Make Your Move

Make Your Move 
It was always my goal to be a present and involved father even though a career in the Air Force made it a challenge. As a result, I coached a number of my sons’ teams when they were in elementary school and I was mostly present otherwise. That is, like I said, if the Air Force didn’t have other plans for me. In any case, several years ago I had the privilege and challenge of coaching my youngest son’s t-ball team. I had previously played and coached baseball, basketball and football but never t-ball. These young people, boys and girls, were very young as you might imagine. I quickly learned that I had to use a limited and simple vocabulary, show them how at every step and be very patient. On top of that, I had to learn to exclusively focus on the positives and teach with encouraging words. With that, I had to carefully watch my facial expressions. In a nutshell, there was only one that was suitable for the circumstances. I learned to smile no matter what. That was an eye opening lesson to say the least. Why? Well, showing disappointment or frustration can quickly make about half the team cry. As you might imagine, that’s not a good plan. All in all, you could say I had to think through every move I made before I made it.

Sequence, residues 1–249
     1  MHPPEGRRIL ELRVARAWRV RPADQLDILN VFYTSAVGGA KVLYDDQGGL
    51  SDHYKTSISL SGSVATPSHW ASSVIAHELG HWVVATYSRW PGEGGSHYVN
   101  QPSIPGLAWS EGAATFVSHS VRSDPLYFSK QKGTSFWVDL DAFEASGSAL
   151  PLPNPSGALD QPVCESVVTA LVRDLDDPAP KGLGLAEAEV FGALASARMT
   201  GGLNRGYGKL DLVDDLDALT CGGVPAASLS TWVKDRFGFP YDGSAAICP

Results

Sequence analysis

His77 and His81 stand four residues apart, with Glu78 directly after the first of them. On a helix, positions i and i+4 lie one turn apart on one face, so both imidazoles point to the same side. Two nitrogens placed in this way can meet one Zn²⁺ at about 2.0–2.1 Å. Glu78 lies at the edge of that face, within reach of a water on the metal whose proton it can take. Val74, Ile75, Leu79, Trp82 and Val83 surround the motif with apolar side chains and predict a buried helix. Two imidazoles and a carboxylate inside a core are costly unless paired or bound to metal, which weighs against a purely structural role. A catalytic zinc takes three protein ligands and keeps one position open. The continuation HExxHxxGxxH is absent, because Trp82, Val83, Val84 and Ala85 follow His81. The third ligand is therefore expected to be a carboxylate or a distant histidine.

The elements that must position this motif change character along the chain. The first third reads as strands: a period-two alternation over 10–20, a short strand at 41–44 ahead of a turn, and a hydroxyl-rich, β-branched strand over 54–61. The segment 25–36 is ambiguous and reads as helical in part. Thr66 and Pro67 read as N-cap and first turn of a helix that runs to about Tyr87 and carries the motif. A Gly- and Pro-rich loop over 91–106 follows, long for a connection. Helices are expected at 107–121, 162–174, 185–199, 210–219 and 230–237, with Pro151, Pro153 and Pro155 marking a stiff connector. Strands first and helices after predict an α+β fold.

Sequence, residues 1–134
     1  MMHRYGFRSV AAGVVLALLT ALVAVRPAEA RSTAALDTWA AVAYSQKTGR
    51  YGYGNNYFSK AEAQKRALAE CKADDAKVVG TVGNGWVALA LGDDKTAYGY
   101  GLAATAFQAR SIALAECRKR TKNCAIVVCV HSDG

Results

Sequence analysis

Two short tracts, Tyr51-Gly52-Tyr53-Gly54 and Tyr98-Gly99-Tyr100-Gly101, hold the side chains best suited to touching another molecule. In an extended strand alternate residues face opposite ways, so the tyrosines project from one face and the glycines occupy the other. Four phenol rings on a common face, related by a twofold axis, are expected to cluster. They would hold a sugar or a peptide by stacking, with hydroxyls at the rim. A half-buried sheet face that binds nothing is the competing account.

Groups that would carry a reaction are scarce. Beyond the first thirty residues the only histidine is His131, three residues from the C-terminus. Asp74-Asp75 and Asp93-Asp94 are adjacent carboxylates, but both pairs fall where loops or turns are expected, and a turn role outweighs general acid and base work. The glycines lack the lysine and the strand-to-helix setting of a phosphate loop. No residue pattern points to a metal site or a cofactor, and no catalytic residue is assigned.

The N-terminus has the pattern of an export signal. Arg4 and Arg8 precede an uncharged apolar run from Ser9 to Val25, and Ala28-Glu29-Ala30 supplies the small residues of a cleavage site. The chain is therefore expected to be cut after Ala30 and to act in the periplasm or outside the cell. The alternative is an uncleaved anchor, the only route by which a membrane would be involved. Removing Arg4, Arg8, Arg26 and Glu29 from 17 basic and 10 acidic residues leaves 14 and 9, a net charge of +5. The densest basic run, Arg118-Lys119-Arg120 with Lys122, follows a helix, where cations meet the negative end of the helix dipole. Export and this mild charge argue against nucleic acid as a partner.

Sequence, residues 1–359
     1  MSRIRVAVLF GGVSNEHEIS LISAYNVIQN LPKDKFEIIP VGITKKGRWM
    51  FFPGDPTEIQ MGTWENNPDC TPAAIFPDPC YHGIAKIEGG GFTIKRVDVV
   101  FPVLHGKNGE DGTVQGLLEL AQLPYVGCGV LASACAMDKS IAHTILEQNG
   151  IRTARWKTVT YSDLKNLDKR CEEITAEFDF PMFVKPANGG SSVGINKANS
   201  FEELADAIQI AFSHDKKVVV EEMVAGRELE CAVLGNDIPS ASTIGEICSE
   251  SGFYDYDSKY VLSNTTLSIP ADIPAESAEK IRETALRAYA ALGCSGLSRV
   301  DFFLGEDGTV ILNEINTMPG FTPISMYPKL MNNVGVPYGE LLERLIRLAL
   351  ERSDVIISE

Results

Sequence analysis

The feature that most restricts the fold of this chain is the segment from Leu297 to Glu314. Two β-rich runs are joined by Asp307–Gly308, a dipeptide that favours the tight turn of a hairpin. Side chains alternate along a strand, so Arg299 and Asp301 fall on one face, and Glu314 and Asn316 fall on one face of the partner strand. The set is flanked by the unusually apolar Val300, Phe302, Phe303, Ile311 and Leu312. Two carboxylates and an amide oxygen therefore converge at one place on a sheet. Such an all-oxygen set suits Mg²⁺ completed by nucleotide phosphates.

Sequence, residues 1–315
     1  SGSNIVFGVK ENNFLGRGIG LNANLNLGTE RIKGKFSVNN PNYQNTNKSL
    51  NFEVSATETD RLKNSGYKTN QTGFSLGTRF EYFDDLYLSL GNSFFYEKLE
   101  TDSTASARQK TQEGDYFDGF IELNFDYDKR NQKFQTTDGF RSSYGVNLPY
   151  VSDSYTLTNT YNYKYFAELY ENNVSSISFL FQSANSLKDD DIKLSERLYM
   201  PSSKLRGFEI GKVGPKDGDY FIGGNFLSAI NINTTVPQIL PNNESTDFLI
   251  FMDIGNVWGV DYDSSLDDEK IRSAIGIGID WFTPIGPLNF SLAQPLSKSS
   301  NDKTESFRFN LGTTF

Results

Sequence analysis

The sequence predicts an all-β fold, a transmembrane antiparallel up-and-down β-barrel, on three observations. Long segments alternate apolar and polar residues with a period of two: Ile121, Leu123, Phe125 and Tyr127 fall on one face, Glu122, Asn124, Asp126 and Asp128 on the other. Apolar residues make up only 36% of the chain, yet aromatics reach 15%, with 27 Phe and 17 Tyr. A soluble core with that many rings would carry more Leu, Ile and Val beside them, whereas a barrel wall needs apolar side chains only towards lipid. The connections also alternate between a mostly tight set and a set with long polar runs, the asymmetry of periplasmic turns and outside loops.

During one particular practice we were teaching the kids how to run the bases. At first, I made the mistake of assuming they all knew which base was first, second and so on. Well, they didn’t. Some but not all. So we started over and taught them the name of each base and how to run the bases. In essence, we told them what, told they why, showed them how, did it with them and let them do it. Needless to say, this drill consumed the entire practice. Just so you know, we were allotted 3, 1 hour practices prior to the first game. In any case, the following week, we were in our uniforms ready for the first game.